Monday, June 13, 2011

Military Monday - Oliver H. Ross

T/5 Oliver H. Ross, US Army
A few months ago I found out that my great grand uncle, Oliver H. Ross (1906 - 1988), was in the US Army during World War II. Unfortunately, my immediate family did not have a lot of detail on his service and they indicated that he didn't talk much about it. I checked the usual spots online and came up empty. I wrote to the National Personnel Records Center, but as most people in genealogy know, the records for WWII veterans were destroyed in a major fire in 1973. They did have access to his discharge record which was on file with the Calhoun County, Iowa court recorder and they sent me a copy of that document. What follows, is a summary of the information contained on that document and a brief analysis.

Oliver H. Ross was inducted and entered active service in the US Army on June 5, 1942 at Ft. Crook, Nebraska. The document actually says, Ft. Cook, but this appears to be a typo. He attended "B & C QM Corp" service school at Camp Pickett, Virginia and graduated August 22, 1942. This is a school for the Quartermaster Corps, which is logistics branch of the Army. Oliver eventually became a Mess Sergeant, MOS 824, so he was probably trained in food service skills at Camp Pickett. His civilian occupation was listed as Salesman Motor Vehicles 1-85.11

79th Infantry Division SSI
Insignia of the 79th Infantry Division

Not much else is listed until April 7, 1944, when he departed the United States bound for the European, African, Middle Eastern Theater of Operations (EAMETO). He arrived April 16, 1944. When he was discharged, he was in Company A of the 2nd Armored Medical Battalion, which was part of the 9th Armored Division. I don't know if he was part of that organization the entire time he was in Europe. If he was in the 9th AD, than that tells a lot about his activities during the war. Update: In the comments below, it sounds like he was discharged from the 9thAD, but served most of his time in Company B, 304th Medical Battalion, 314th Infantry Regiment, 79th Infantry Division

However, I found a photo of him that conflicts with this information. Instead he is wearing the insignia of the 79th Infantry Division. His date of departure for Europe matches the date Wikipedia lists for the 79th ID's arrival in Europe so it seems logical that he might have been with that division at that time. The 79th ID arrived at Utah Beach, Normandy, 12–14 June, 1944, 6 days after D-day. Unfortunately the discharge document only lists the unit he was in at the time of his discharge ("Co. A, 2nd Armd. Med. Bn."). Since there is conflicting information, I can only speculate about his activities since I don't know when or why he transferred from the 79th ID to the 2nd Armored Medical Battalion.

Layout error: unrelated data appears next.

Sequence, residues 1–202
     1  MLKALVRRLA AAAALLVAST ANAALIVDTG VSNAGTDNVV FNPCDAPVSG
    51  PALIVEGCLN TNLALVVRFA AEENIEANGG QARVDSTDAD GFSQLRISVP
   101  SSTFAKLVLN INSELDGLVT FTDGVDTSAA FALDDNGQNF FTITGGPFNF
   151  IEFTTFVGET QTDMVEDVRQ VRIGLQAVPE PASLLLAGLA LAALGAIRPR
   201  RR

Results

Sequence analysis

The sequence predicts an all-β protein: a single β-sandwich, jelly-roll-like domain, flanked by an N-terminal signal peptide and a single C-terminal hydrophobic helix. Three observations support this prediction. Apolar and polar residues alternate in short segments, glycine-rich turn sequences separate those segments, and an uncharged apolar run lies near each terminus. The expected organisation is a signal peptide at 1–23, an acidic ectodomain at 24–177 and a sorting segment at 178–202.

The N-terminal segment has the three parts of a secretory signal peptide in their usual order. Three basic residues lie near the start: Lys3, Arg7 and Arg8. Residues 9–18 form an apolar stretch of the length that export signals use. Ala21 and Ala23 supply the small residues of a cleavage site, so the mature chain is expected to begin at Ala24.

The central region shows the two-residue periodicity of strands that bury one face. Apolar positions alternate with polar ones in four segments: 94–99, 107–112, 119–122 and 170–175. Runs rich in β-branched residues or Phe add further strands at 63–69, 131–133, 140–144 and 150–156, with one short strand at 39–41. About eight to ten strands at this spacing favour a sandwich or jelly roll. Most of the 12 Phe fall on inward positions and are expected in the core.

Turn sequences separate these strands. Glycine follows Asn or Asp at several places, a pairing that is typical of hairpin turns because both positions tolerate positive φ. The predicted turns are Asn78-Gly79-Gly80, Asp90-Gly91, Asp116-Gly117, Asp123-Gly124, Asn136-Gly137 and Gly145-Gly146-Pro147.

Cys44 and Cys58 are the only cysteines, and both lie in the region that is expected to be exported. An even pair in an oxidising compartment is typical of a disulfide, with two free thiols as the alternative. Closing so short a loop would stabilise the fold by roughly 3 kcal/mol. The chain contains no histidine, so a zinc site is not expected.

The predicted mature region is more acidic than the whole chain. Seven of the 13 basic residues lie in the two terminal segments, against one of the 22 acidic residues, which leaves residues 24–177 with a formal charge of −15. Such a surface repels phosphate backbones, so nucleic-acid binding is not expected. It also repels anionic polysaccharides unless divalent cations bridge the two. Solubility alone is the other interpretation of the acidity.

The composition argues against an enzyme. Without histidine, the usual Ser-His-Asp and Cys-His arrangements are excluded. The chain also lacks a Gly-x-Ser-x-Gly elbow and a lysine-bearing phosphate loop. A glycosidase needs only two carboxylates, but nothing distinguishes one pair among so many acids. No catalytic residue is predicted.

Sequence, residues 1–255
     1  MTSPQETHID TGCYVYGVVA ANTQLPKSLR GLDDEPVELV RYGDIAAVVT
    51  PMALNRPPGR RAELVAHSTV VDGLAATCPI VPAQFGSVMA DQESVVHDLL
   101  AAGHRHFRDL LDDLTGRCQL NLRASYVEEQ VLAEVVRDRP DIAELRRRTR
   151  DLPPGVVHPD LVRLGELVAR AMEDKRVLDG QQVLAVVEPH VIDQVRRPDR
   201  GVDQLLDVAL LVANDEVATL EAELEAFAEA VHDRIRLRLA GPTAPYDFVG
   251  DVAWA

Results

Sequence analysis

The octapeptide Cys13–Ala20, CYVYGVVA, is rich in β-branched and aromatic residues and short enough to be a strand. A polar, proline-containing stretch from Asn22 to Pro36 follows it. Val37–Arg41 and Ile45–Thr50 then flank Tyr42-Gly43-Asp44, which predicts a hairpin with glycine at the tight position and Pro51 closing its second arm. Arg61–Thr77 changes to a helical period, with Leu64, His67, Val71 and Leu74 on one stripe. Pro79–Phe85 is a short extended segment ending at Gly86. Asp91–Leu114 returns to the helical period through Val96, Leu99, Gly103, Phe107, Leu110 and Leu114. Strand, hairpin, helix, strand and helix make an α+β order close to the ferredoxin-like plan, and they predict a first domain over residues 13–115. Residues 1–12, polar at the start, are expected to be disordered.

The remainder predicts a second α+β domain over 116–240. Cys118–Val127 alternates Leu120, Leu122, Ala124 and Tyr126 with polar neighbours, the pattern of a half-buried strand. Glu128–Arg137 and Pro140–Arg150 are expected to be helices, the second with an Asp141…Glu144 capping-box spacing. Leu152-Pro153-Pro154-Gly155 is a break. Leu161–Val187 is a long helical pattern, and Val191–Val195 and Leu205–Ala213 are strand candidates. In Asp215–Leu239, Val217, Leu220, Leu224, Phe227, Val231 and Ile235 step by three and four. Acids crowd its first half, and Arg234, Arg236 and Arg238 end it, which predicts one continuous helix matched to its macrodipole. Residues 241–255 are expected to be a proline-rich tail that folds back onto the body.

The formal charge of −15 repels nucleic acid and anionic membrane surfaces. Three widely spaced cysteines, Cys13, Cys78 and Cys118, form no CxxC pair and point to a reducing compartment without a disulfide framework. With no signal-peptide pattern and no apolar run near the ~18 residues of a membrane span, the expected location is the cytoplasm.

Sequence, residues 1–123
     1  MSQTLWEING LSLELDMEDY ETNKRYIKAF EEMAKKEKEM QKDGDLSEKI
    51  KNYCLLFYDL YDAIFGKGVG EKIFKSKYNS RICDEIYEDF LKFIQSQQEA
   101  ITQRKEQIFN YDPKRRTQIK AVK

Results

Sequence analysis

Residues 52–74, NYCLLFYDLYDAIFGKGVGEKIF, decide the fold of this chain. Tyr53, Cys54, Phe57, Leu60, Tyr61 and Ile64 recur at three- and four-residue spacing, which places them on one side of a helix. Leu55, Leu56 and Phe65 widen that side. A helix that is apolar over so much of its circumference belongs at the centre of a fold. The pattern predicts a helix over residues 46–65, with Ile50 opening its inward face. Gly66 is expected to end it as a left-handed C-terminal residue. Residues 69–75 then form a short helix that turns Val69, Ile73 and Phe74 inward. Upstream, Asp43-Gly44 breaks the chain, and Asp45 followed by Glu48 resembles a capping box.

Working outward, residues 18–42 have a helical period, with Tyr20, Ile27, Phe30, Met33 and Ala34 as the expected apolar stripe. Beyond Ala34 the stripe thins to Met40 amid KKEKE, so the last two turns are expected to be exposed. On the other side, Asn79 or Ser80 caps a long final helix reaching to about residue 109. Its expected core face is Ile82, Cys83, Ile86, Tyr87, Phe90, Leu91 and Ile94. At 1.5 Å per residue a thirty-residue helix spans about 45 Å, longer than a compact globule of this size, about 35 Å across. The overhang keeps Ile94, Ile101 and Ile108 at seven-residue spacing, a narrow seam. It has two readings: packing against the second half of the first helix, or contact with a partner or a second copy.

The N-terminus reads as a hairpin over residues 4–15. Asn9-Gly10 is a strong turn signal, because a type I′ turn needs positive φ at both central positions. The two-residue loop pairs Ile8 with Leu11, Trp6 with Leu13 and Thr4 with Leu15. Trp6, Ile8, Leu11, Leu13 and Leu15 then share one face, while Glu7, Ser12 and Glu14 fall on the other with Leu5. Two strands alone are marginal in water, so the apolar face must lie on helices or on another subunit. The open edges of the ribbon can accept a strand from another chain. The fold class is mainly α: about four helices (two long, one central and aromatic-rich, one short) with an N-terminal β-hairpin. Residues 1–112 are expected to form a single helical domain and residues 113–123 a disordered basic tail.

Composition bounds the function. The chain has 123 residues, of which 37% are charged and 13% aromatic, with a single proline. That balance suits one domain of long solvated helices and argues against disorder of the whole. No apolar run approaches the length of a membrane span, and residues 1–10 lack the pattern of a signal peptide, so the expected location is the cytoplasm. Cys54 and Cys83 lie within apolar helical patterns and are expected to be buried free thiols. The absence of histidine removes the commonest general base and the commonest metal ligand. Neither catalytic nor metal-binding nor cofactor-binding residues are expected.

Oliver, "Somewhere in France"

According to his separation document, he was involved in the Normandy, North France, Rhineland and Central Europe campaigns.

Oliver left the EAMETO September 28, 1945 and arrived in the United States October 9, 1945. He was discharged as a Staff Sergeant on October 14, 1945 at Camp Blanding Florida. He received the EAMETO Medal and a Good Conduct Medal. Total foreign service, 1 year, 6 months and 3 days. Total Continental service, 1 year 10 months and 7 days.

Update: Sounds like he was not in the 9th AD except to be discharged, so I've lined out the following section to avoid confusing the issue. I'd delete it completely, but that's considered trying to "cover-up" a mistake in the blogging world. If he was in the 9th AD here are a few tidbits about that division: The 9th Armored Division didn't participate directly in the D-day invasion, but they served as a distraction, remaining in Britain across from Calais to make Germany believe the invasion would occur there, not Normandy. In September 1944, the 9th landed in Normandy. By December 1944, they ended up in the Battle of the Bulge. I found an after action report for the Battle of the Bulge and it describes what Oliver's Company A was doing that December 1944. They were in a position to assist and treat casualties from the battle that was raging around them. However, they were also in the position to be strafed by enemy aircraft a number of times and the report said "our aid men and ambulances [were] continually sniped at by the enemy."

In March 1945, the 9th A.D. was involved in the action that captured the Ludendorff Bridge, which was featured in the film The Bridge at Remagen. The war in Europe ended May 8, 1945.

That's pretty much all I know about Oliver H. Ross's WWII Army service, but I'll keep an eye open if I find anything else.